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Planning ahead may help families afford long-term care amid inflation


Stan Horwitz and his family did not have any plans regarding long-term care until there was a crisis. His father, Martin, was in his late 80s and lived alone. He was reluctant to simply accept any assistance from his children.

Sooner or later, Stan and his sister found their dad unconscious in his lounge after a fall. This incident six years ago set off a cascade of medical issues. Martin was never in a position to return home. And when it got here to attempting to sort out his father’s funds, “the bureaucracy was intense,” Stan said. 

He said his father was diligent about putting money away, but the fee of nursing care worn out his life savings — $300,000 — in 4 years. Martin, now 93, qualifies for Medicaid, which pays for his expert nursing care. 

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The Horwitz family’s ordeal in paying for long-term care services shouldn’t be unusual — and high inflation will likely make the rising costs tougher for a lot of families to afford this care. 

Inflation has now replaced staffing as a top concern of expert nursing and senior housing facilities, in accordance with a recent survey, as small increases in essential operating expenses — food, supplies and energy — are making a huge impact and are not easy to chop.  

How much long-term care can cost

The typical 65-year-old has a 70% change of needing long-term care, in accordance with the U.S. Department of Health and Human Services. Yet, 1 in 10 of middle-income adults ages 44 to 64 should not have long-term care insurance, in accordance with a survey by Arctos Foundation and HCG Secure. And, many individuals aren’t aware that Medicare doesn’t cover costs related to long-term care services, which might include dressing and bathing. 

The prices can vary widely by sort of care and site. On average, long-term care costs $50,000 a 12 months at home and $100,000 in a nursing home, in accordance with LTCG, which provides services to the long-term care and life insurance industry. But in Connecticut, LTCG found nursing home care cost a median $165,000 a 12 months and, in Texas, just over $70,000. 

Traditional long-term care policies are expensive

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Few long-term care insurance policies have unlimited coverage. Costs vary widely and rely on age, gender, health and other risk-factors. For a recent policy with $165,000 profit, a healthy 55-year-old could pay $45,000 in premiums by the point they turn 85, in accordance with the American Association for Long-Term Care Insurance.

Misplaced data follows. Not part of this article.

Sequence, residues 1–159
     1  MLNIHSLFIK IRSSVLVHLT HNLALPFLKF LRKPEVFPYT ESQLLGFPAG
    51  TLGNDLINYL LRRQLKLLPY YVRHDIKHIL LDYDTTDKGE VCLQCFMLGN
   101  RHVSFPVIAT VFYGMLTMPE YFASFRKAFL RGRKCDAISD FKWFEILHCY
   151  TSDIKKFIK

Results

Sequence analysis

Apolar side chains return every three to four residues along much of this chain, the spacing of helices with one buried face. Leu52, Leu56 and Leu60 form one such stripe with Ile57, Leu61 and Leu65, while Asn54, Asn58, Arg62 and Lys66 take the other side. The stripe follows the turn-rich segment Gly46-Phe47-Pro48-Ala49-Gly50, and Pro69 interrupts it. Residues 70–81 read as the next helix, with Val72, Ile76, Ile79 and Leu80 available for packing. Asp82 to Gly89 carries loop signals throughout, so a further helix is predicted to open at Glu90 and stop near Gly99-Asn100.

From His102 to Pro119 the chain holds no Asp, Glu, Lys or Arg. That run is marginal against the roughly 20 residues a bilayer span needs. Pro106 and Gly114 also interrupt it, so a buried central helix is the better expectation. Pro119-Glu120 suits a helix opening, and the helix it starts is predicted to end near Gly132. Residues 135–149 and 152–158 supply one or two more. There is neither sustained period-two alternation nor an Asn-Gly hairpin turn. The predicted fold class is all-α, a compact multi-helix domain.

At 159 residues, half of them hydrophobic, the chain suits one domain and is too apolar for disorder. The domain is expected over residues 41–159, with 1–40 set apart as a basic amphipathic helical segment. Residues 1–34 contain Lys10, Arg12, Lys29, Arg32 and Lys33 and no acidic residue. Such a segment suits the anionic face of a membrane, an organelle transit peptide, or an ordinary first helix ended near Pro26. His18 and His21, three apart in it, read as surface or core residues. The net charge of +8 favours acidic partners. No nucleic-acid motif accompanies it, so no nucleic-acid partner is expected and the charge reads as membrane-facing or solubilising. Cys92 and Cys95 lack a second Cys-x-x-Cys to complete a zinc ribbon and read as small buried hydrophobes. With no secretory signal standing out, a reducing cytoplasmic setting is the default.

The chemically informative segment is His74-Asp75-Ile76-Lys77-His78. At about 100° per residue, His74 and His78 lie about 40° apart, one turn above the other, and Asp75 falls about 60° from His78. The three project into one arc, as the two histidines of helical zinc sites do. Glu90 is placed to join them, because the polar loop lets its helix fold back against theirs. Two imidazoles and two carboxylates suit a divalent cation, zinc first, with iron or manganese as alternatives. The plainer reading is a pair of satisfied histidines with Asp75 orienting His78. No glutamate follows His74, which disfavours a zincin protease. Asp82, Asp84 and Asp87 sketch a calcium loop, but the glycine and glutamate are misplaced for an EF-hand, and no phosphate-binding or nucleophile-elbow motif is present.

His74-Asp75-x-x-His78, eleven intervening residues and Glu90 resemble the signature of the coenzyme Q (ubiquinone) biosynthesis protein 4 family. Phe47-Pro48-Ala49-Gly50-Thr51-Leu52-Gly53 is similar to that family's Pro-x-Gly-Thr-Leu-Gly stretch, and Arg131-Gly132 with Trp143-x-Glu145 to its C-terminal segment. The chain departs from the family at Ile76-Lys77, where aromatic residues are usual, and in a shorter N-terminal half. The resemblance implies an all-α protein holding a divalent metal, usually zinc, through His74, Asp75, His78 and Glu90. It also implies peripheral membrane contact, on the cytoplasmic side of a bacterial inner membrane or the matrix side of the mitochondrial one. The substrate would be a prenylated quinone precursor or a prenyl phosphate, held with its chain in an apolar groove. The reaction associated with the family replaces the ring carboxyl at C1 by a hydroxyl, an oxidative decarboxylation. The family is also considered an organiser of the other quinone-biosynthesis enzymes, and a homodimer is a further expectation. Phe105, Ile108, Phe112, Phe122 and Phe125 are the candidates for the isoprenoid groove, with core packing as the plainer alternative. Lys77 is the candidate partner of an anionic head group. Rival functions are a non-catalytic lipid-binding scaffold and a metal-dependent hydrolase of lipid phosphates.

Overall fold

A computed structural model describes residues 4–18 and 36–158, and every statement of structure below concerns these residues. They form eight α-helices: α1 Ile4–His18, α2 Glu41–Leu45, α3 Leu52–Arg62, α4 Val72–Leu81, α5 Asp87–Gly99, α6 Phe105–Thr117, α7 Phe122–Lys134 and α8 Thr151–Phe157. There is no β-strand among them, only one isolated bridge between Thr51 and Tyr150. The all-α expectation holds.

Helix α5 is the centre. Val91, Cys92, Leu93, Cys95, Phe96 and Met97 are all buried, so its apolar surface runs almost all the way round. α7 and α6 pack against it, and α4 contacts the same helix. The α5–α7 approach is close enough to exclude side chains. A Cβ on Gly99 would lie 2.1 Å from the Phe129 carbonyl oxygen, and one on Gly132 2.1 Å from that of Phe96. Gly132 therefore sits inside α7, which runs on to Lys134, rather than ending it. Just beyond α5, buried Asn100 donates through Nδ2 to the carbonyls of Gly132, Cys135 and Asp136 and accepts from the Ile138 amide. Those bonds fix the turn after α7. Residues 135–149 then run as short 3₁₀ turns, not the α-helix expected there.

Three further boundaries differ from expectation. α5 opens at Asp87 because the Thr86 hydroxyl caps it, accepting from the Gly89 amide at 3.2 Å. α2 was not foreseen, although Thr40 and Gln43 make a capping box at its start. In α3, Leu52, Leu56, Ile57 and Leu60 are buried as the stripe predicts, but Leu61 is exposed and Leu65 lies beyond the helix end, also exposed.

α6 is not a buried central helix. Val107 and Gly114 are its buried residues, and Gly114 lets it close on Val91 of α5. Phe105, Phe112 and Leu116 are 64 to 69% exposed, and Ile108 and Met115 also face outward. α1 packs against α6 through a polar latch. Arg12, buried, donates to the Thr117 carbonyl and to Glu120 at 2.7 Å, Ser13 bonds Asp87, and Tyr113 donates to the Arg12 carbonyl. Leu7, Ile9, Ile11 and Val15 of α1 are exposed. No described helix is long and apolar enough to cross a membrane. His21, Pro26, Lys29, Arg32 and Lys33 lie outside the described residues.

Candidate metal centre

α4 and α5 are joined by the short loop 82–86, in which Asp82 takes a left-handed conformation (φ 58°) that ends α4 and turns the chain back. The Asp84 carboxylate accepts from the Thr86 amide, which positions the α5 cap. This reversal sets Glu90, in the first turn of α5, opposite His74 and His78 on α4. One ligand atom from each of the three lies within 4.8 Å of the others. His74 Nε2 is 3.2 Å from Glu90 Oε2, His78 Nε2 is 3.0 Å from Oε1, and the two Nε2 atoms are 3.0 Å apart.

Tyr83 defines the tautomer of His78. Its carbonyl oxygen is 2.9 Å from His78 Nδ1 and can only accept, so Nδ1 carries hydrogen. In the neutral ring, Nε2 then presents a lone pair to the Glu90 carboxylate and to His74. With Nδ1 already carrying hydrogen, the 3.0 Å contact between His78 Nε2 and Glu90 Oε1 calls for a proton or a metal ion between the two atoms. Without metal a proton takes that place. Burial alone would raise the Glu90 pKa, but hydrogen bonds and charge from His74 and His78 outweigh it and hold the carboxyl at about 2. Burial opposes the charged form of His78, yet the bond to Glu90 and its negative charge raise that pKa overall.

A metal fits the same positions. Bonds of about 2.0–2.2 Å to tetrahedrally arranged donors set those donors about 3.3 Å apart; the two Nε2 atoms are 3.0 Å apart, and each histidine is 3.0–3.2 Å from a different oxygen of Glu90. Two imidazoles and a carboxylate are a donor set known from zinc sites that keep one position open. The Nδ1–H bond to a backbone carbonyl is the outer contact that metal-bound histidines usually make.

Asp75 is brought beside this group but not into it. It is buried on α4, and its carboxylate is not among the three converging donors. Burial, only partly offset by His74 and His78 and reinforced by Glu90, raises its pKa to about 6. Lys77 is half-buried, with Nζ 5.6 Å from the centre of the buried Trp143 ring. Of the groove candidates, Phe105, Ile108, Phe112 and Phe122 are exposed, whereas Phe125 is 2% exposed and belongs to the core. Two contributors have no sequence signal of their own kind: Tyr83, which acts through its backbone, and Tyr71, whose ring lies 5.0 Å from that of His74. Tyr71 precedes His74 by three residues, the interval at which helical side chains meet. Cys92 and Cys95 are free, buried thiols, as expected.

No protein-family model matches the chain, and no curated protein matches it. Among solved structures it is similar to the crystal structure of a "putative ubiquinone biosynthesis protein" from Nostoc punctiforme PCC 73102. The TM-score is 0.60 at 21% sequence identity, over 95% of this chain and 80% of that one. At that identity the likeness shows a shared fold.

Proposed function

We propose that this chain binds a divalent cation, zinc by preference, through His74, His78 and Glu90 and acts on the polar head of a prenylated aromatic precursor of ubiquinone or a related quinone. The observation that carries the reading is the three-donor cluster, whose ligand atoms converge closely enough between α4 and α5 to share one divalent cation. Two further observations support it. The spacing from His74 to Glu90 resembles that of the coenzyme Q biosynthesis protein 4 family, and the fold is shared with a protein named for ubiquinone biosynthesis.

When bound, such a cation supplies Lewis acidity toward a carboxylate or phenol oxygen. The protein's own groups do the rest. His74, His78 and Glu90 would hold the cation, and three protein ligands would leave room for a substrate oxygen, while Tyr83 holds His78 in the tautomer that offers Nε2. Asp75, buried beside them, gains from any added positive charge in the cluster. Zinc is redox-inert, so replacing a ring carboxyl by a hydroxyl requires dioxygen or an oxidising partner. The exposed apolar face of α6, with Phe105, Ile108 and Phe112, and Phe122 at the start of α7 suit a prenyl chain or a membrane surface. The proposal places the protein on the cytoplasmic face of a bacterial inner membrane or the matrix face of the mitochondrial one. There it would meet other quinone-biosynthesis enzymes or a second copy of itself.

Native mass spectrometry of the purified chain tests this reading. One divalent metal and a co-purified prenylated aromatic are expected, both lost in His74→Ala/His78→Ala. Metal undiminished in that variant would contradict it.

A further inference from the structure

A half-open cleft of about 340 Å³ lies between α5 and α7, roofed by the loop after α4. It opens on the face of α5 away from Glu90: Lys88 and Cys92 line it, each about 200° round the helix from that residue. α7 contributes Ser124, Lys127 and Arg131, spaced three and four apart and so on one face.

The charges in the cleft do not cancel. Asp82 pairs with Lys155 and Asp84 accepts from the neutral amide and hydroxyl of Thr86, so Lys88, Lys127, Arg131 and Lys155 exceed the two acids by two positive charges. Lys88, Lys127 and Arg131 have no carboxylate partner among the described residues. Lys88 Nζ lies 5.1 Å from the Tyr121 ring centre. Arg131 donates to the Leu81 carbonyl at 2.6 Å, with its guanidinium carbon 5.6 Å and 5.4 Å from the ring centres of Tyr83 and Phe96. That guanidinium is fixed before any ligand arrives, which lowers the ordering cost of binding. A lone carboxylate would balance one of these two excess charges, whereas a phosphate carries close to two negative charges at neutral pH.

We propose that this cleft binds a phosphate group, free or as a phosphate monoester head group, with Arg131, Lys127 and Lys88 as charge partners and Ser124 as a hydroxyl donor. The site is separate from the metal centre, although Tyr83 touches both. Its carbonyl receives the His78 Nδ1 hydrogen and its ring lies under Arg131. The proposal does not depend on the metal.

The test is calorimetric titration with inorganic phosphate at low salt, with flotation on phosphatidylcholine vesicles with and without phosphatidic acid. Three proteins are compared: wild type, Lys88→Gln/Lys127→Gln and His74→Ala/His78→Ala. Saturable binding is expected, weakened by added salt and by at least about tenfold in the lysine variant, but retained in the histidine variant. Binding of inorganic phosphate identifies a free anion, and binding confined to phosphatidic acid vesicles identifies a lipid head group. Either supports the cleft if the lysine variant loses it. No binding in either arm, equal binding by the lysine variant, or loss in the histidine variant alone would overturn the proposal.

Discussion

Tom Beauregard was an executive within the medical insurance industry when his parents were of their early 80s and dementia and pulmonary disease required them to have day by day care. 

“It was chaos, attempting to figure this out as a family,” said Beauregard, the founder and CEO of HCG Secure. “The true chaos got here into the decision-making process and the lack of expertise from my parents.” 

Understanding your options

That have prompted him to start out an organization to assist middle-income families understand their options. “You wish objective experts to enable you to understand make transition plans, how long you possibly can keep people at home safely, what form of services you possibly can herald,” Beauregard said. 

Low-income adults may qualify for Medicaid, but that requires a “lookback” which considers assets held within the last five years. Many others in middle- to upper-income demographics decide to self-fund long-term care, but experts say it could develop into tougher for older adults to administer the rising costs of those services. 

If people come to me for estate planning, they usually have not thought of long-term care, I make them take into consideration long-term care.

Evan Farr

elder law and estate-planning attorney

“It’s one thing to exit less or drive less when prices of food and gas are going up,” said Ken Latus, vp for long-term care products at Northwestern Mutual. “Cutting costs or finding trade-offs to your care as you age shouldn’t be as easy.

“Plan early so which you could stay in the driving force’s seat when the time comes,” Latus said. 

There are insurance options to assist offset the prices — from traditional long-term care insurance to hybrid policies that mix life insurance and long-term care coverage. These policies “provide funds that might be used to cover care expenses down the road, in addition to a death profit payable to the insured’s beneficiaries if care is not needed,” Latus said.

Also, investment growth or “money value” within the policy might be accessed throughout the insured’s lifetime and might be used to pay for long-term care services. And there are inflation riders that may increase advantages as much as 5% every 12 months. 

“If people come to me for estate planning, they usually have not thought of long-term care, I make them take into consideration long-term care, because in my mind these two areas of planning are inextricably intertwined,” said elder law and estate-planning attorney Evan Farr.

Crucial step, experts say, is to speak along with your family members about what chances are you’ll need and what you wish for care as you age.

Horwitz said he wishes he’d had conversations about long-term care much earlier together with his father — and he would have been more direct. “I’d say ‘Dad, we’d like to have a speak about your future and the way you’re planning’ — and ‘Dad, this happens to everyone.'”

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